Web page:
Wall projection of color negatives?

Discussion in 'Film and Processing' started by sebastian_neri, Nov 15, 2015.

  1. First of all, I want to apologize if this question is answered with common knowledge, I've been looking online for an hour or so and I can't seem to find anything helpful.
    I'm trying to plan a method for an upcoming project. What I would really love to do is shoot medium format color film, whether it is slide or negative, and have the original negative on display with light shining through it via a projector/enlarger mechanism as to project the image on the opposite wall. I would like to have to the projected image around 12 x 18, as I will likely be using 6 x 9 film, so the projection/negative will be facing the wall in close proximity, but allowing enough room for someone to walk between them and view both images.
    If this makes no sense, please let me know and I can begin working something else out. Thank you!!
     
  2. I get it! But:
    Digital projectors and 35mm film projectors are plentiful while medium format film projectors are now a rarity. Therefore why not choose the less painful path. I advise is to place the negative on a lightbox and with your 35mm film camera or digital camera, make a copy. Now you can easily procure a projector and display a projected image of a negative on the opposite wall from the displayed print. If this does not appeal to you, then procure a medium format projector. Watch out, a C-41 type negative placed in a projector will fade in a matter of weeks. Best to project using a copy negative so the original is preserved. Why will a C-41 fade so quickly? The heat and the bright light speeds up fading.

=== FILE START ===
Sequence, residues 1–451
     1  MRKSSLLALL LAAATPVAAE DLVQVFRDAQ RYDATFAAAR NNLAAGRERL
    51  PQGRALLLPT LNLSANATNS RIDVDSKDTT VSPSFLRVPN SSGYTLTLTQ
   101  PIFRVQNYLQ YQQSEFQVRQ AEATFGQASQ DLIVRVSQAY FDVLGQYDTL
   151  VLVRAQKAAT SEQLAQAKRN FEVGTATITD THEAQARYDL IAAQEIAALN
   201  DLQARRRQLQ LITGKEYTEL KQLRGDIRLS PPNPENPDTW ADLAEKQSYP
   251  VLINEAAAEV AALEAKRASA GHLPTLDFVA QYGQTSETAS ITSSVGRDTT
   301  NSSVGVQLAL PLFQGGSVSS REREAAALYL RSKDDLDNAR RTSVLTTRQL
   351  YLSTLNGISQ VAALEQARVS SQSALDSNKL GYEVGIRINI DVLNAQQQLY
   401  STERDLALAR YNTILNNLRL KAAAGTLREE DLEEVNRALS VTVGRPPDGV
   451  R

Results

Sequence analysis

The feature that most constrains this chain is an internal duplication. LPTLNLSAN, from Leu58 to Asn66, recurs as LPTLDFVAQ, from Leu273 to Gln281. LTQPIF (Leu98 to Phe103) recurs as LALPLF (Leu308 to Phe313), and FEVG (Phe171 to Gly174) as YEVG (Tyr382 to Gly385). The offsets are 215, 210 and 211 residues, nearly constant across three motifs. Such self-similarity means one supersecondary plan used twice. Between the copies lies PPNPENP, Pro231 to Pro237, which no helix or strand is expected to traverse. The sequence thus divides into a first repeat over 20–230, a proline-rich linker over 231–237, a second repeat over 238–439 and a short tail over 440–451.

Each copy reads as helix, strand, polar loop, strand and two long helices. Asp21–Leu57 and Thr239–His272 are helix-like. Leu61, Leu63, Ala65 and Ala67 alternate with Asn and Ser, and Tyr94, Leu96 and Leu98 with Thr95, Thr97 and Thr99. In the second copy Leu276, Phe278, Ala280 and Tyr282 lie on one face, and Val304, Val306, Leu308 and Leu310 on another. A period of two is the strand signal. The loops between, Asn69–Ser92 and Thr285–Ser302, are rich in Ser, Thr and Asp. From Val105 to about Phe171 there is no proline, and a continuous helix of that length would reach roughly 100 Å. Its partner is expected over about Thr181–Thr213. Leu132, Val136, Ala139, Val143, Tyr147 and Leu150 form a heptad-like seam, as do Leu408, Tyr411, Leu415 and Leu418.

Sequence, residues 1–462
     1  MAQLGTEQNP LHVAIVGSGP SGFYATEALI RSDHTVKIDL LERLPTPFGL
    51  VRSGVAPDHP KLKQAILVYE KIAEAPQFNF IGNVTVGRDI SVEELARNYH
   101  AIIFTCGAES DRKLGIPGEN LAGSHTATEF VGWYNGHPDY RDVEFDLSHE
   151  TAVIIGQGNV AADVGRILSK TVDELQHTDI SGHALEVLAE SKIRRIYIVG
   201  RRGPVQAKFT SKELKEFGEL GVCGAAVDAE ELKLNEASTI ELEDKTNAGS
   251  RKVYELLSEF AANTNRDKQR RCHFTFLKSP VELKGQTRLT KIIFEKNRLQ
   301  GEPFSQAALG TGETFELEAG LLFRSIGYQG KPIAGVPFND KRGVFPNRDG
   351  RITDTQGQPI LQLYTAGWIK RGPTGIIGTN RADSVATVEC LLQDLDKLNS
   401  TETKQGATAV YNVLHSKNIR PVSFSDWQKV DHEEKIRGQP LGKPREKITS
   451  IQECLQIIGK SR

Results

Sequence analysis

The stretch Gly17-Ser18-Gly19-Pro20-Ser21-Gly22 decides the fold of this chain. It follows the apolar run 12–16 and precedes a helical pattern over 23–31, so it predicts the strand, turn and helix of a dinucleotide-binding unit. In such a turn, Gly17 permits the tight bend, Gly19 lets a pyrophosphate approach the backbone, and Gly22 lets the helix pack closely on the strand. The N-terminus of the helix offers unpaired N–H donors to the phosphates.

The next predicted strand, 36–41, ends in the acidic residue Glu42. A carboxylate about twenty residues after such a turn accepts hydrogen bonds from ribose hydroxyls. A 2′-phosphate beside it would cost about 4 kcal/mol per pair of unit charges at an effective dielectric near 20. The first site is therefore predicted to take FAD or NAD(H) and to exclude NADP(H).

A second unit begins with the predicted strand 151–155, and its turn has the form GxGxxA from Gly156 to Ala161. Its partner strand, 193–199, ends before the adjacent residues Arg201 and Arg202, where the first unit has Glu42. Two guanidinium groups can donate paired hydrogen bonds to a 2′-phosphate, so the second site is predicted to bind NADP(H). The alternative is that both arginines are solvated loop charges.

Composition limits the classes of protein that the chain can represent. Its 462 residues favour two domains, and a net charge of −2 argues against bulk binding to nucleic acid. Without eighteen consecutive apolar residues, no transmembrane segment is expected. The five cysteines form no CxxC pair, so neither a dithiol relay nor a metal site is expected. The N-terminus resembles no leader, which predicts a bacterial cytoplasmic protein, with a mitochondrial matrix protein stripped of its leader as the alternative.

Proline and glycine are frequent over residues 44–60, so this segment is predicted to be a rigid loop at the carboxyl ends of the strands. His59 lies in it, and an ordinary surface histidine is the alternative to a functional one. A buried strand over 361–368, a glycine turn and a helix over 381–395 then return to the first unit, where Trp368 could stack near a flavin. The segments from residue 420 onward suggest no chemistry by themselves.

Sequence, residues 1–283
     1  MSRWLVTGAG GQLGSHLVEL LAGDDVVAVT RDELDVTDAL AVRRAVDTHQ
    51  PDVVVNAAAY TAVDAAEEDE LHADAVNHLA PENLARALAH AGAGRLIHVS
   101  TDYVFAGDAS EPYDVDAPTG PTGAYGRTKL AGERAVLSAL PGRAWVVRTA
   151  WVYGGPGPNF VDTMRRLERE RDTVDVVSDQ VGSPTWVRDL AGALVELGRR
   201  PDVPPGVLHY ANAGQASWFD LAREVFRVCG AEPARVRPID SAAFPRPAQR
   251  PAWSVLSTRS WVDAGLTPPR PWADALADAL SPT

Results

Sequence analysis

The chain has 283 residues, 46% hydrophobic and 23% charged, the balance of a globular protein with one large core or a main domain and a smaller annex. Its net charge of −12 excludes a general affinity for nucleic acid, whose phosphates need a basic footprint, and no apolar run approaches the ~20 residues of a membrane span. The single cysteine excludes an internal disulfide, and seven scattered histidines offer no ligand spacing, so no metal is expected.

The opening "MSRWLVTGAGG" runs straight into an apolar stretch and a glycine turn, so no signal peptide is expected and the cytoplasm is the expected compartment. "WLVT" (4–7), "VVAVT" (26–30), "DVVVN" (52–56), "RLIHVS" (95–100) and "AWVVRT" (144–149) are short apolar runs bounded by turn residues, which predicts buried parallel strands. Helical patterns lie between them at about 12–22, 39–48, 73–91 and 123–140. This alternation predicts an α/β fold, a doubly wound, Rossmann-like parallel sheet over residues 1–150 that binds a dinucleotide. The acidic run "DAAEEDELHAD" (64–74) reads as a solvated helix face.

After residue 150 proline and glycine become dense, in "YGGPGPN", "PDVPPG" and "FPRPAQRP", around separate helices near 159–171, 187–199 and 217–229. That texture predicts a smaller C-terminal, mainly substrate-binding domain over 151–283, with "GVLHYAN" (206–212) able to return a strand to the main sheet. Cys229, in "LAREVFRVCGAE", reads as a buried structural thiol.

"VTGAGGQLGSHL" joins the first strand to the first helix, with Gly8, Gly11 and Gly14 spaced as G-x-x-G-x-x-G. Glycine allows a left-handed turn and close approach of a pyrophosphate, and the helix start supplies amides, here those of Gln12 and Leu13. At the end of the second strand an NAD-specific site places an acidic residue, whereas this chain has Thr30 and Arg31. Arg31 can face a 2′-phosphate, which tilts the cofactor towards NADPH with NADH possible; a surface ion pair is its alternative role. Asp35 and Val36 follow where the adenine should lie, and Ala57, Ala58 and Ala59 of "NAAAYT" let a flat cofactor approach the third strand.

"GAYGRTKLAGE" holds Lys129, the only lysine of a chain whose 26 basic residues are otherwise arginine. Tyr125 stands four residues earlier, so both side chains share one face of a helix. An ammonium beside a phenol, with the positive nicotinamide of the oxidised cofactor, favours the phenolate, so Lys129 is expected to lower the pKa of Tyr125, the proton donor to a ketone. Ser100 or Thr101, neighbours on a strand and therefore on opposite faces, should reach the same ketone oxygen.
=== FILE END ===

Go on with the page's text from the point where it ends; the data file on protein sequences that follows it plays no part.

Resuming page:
3. Thanks Alan! That's extremely helpful.
     
  4. Yes, I don't think there is a good way to view a negative (or positive) and also its projected image at the same time.
    A negative with a backlit white background (white plastic, like a light box) should show well. You might want a UV filter to reduce fading, especially with fluorescent back lighting.
    Separately project (a copy of) it, or the positive, and yes a digital projector is probably the best way with current technology.
     
  5. You may want to build such a projector. Since your enlargement is small compared to common projected size you don't need very bright light or very fast lens.
     
  6. Not quite sure, but if you do not need to rotate the images, couldn't an overhead project be made to work?
    An option could then also be using transparencies (as they exist for inktjet printers) to "print" the negatives or slides you need (=from scanned negative), and use those on the overhead projector, in case it's too fiddly with the original negative, or in case you'd need to keep it exposed for long time.
     
  7. rotate the images - Sorry, I notice now that's not very clear. I mean rotate through various images; do you display one image and keep it that way, or do you want the image to change every X minutes?